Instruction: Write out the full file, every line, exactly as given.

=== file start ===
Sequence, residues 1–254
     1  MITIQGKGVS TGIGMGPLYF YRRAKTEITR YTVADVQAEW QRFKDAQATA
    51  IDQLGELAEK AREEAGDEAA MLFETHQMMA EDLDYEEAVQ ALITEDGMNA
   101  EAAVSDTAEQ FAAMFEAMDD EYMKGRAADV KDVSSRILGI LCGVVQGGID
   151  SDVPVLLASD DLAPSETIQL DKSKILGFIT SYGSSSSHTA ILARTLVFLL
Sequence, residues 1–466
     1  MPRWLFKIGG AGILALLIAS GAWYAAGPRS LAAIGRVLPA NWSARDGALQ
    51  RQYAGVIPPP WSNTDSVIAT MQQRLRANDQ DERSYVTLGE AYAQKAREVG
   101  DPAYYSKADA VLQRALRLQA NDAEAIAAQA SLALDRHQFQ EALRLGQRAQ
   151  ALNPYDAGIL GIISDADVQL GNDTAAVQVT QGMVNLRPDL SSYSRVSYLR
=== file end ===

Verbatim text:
Sequence, residues 1–254
     1  MITIQGKGVS TGIGMGPLYF YRRAKTEITR YTVADVQAEW QRFKDAQATA
    51  IDQLGELAEK AREEAGDEAA MLFETHQMMA EDLDYEEAVQ ALITEDGMNA
   101  EAAVSDTAEQ FAAMFEAMDD EYMKGRAADV KDVSSRILGI LCGVVQGGID
   151  SDVPVLLASD DLAPSETIQL DKSKILGFIT SYGSSSSHTA ILARTLVFLL
Sequence, residues 1–466
     1  MPRWLFKIGG AGILALLIAS GAWYAAGPRS LAAIGRVLPA NWSARDGALQ
    51  RQYAGVIPPP WSNTDSVIAT MQQRLRANDQ DERSYVTLGE AYAQKAREVG
   101  DPAYYSKADA VLQRALRLQA NDAEAIAAQA SLALDRHQFQ EALRLGQRAQ
   151  ALNPYDAGIL GIISDADVQL GNDTAAVQVT QGMVNLRPDL SSYSRVSYLR